New access to case reporters
Some time ago, The Legal Genealogist was over the moon at the very thought of having free online access to the case reporters held by the Harvard Law School Library.
It was nearly four years ago that Harvard announced that it had partnered with Ravel Law to digitize 40,000 law books, containing 40 million pages, give or take a few, of court decisions that begin with cases that were decided before the Constitution of the United States was even written.1
That project moved forward, slowly as we’d expected — but we all got a bit worried when Ravel Law was acquired by one of the biggest players in the commercial legal research fields, LexisNexis.2
Not to worry — not only is the Ravel Law search system still available and still free online at https://www.ravellaw.com/search, but there’s a new second way to access the collection, through the website of Harvard’s Caselaw Access Project itself.3
The website reports that, to date, there have been 6.7 million unique state cases scanned, spanning 40 million pages, from 627 reporters — those books published in series with names like New Jersey Law or Arizona Reports and containing the decisions of state-court judges on a wide variety of topics of interest to all historical researchers.4
If that’s not enough, add in roughly 1.7 million federal cases, spanning more than 9.5 million pages from 32 reporters with the decisions of federal court judges as well.5
And what we end up with is free online access to just about all the published court decisions of state and federal trial and appeals courts — and every bit of it word-searchable.
Here’s what the project has to say about itself:
The Caselaw Access Project (“CAP”) expands public access to U.S. law. Our goal is to make all published U.S. court decisions freely available to the public online, in a consistent format, digitized from the collection of the Harvard Law Library.
CAP includes all official, book-published United States case law — every volume designated as an official report of decisions by a court within the United States.
Our scope includes all state courts, federal courts, and territorial courts for American Samoa, Dakota Territory, Guam, Native American Courts, Navajo Nation, and the Northern Mariana Islands. Our earliest case is from 1658, and our most recent cases are from 2018.
Each volume has been converted into structured, case-level data broken out by majority and dissenting opinion, with human-checked metadata for party names, docket number, citation, and date.6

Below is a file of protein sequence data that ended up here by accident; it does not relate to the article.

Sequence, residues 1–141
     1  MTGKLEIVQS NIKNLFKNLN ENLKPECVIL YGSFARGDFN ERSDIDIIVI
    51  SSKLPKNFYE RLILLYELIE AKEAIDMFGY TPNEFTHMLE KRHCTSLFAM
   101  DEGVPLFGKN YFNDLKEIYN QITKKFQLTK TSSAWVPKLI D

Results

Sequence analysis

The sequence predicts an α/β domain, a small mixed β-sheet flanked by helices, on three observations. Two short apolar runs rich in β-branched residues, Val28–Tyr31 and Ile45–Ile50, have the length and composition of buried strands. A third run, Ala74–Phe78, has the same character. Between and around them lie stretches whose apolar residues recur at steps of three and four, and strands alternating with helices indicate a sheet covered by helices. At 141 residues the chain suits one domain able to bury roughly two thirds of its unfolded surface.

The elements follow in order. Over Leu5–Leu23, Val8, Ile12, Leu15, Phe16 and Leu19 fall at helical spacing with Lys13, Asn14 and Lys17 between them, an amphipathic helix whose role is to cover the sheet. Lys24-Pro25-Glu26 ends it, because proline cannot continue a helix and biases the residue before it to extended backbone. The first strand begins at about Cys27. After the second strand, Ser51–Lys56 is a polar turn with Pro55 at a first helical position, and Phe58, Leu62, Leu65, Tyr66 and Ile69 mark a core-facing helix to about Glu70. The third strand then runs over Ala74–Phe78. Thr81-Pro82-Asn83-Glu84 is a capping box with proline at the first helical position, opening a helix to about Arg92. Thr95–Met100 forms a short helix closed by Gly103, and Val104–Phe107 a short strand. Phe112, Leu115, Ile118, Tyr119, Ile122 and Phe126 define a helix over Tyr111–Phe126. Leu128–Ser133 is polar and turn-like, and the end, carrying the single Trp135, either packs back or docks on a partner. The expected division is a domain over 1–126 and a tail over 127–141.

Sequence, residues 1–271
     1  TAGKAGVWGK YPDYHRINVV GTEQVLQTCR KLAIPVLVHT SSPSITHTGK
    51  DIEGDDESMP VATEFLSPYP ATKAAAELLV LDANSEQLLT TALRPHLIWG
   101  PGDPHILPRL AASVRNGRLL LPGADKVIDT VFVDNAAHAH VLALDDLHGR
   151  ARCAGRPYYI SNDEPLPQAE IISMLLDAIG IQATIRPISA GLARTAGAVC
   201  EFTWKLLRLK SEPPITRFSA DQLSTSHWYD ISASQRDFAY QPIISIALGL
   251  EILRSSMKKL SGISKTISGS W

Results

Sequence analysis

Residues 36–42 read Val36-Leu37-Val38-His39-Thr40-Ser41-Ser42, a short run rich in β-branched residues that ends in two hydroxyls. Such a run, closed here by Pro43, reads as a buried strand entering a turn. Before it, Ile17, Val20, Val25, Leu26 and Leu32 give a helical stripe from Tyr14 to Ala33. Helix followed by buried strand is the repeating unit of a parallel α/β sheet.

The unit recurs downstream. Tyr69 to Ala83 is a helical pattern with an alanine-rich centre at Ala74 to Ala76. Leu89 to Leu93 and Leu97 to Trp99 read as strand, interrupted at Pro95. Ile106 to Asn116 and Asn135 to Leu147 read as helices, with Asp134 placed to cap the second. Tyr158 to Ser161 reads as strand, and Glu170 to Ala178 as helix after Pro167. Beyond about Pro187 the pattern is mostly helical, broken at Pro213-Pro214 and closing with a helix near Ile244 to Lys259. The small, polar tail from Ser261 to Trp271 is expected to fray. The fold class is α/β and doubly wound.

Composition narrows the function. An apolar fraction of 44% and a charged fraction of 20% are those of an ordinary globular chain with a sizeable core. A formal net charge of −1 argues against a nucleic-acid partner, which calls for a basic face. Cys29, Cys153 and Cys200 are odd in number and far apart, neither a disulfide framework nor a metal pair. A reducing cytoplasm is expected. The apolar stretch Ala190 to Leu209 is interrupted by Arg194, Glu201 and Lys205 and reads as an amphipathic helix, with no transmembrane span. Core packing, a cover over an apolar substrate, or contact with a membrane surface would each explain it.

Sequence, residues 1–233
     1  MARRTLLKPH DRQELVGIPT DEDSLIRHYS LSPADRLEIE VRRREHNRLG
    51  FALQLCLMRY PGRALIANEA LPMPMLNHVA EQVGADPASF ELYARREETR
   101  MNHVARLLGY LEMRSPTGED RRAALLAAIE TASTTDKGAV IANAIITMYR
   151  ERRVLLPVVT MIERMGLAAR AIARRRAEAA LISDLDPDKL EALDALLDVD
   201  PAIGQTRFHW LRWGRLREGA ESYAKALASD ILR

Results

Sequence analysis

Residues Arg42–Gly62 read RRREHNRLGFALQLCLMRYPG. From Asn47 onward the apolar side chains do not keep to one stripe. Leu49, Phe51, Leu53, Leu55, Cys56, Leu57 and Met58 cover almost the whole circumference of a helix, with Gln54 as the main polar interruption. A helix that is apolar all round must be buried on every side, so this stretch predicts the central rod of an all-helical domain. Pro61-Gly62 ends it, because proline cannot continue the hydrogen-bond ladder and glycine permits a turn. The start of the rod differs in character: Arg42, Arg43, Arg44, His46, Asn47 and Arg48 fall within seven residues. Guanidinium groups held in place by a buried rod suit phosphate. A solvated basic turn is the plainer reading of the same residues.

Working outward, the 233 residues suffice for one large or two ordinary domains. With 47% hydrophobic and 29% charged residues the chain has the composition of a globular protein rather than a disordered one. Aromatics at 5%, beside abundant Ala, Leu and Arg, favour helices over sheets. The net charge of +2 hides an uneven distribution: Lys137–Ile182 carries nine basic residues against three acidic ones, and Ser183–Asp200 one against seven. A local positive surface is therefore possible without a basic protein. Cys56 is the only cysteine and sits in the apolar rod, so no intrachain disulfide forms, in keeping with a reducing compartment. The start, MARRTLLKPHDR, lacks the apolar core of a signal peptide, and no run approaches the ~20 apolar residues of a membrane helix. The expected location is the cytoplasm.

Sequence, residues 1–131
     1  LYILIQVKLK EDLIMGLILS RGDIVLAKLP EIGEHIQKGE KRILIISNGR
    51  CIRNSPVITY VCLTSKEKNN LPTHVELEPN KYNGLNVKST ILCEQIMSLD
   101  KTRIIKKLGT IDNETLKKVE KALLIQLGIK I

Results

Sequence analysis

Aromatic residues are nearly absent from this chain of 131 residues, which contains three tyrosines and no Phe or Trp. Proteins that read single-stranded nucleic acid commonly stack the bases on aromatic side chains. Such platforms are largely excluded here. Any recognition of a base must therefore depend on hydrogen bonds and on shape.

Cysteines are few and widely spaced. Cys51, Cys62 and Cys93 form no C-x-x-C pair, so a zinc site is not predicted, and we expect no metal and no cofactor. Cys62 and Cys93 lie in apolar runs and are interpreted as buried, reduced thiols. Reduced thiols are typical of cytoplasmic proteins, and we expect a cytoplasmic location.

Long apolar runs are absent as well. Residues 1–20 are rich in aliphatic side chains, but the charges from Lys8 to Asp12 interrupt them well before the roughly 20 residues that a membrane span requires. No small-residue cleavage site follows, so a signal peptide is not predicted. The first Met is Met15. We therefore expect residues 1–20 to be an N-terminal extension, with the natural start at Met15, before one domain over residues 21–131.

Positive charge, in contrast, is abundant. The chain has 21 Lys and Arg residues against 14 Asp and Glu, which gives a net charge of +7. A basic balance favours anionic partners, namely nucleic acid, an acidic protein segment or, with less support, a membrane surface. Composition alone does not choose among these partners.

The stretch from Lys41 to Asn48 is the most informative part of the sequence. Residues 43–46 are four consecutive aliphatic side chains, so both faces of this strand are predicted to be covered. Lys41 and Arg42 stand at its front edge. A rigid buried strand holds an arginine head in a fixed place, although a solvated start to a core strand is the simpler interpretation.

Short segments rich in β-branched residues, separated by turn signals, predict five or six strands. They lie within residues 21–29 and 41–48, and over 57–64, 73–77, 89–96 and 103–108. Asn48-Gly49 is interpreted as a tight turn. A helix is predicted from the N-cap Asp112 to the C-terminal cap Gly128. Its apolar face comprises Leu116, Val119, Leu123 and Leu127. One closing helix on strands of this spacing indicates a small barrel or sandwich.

The website allows searching of the entire database with a great deal of precision. Users can search cases, courts, jurisdictions, and reporters. We can enter search terms like names or places in the Full-Text Search field, using basic Boolean “and” search techniques. Using quotes around a search term makes it searchable as a phrase. And we can add fields to refine the search — adding the jurisdiction (what state) or the citation to a case where we know that. There’s a help page that explains the search system.
Or we can browse the cases for a specific place and time. Here, however, we may need to poke around a bit, because what’s listed on the entry page for reading and browsing caselaw may not reflect what’s actually there. As one example, the listing for Arizona Supreme Court cases published in the reporter series Arizona Reports is shown on the entry page as limited to the years 1886-1911. Nope. If you click through, you’ll find every volume through volume 242, and that has cases from 2017.
Users can download cases as well, to read or study offline. Alas, we’re limited to “only” 500 cases a day… “Only” in quotes there since that’s plenty for even this law-geek genealogist — and more than enough for most. If you do need more, you can register as a research scholar and you’d be subject to separate rules.
There’s also some stuff that’s just plain fun. Want to see the distribution of cases mentioning the word “witchcraft”? You can, here. Or how about the most-used words in California cases published each year from 1853 to 2015? Yup. That’s here as well.
Everything on the website is subject to a Creative Commons license (CC BY-SA 4.0), meaning we’re free to “copy and redistribute the material in any medium or format” and “remix, transform, and build upon the material for any purpose, even commercially” as long as we “give appropriate credit, provide a link to the license, and indicate if changes were made” and, if we do make changes, distribute the changed version under the same license.7
So have fun, reading the law, again.
For free, forever, thanks to Harvard Law School’s Library.
Cite/link to this post: Judy G. Russell, “Reading the law again,” The Legal Genealogist (https://www.legalgenealogist.com/blog : posted 27 Aug 2019).
- See Judy G. Russell, “Harvard’s digitization project,” The Legal Genealogist, posted 2 Nov 2015 (https://www.legalgenealogist.com/blog : accessed 27 Aug 2019). ↩
- See Connie Loizos, “Venture-backed Ravel Law sells to LexisNexis,” Tech Crunch, posted 10 June 2017 (https://techcrunch.com/ : accessed 27 Aug 2019). ↩
- A great big tip of the hat to reader Francie Kennedy who sent along the link to the website. ↩
- “Our data,” Caselaw Access Project, Harvard Law School (https://case.law/ : accessed 27 Aug 2019). ↩
- Ibid. ↩
- “About,” Caselaw Access Project, Harvard Law School (https://case.law/ : accessed 27 Aug 2019). ↩
- “Attribution-ShareAlike 4.0 International (CC BY-SA 4.0),” Creative Commons (https://creativecommons.org/ : accessed 27 Aug 2019). ↩